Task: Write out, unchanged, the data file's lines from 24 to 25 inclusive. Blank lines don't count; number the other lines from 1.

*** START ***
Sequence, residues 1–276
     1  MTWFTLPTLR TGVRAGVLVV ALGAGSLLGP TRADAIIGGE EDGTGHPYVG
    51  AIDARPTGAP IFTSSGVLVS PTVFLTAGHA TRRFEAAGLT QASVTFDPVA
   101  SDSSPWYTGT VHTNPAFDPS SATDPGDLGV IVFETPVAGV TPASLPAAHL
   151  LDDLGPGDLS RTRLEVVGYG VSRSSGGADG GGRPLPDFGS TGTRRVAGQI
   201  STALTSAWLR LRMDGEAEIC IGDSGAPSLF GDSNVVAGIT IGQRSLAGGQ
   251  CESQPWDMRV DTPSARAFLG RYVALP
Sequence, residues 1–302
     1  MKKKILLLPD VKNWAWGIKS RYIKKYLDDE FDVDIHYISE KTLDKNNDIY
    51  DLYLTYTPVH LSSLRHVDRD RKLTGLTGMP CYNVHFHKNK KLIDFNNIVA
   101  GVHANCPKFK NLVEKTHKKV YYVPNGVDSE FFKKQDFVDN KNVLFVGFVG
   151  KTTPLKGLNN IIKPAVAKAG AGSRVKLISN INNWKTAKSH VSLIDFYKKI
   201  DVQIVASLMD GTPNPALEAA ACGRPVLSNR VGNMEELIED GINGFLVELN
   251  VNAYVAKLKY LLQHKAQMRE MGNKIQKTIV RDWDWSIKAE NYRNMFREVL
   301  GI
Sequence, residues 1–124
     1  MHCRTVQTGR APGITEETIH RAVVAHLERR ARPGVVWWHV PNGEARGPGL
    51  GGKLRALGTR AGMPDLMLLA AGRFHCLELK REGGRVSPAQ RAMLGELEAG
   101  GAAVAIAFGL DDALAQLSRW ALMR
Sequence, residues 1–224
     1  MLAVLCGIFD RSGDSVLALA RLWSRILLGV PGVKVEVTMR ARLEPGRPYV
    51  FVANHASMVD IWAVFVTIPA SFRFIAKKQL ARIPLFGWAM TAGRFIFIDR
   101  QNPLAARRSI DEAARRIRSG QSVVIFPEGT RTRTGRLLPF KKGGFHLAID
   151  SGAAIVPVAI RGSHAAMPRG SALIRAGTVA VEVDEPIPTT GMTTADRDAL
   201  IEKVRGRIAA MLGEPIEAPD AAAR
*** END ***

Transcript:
   151  SGAAIVPVAI RGSHAAMPRG SALIRAGTVA VEVDEPIPTT GMTTADRDAL
   201  IEKVRGRIAA MLGEPIEAPD AAAR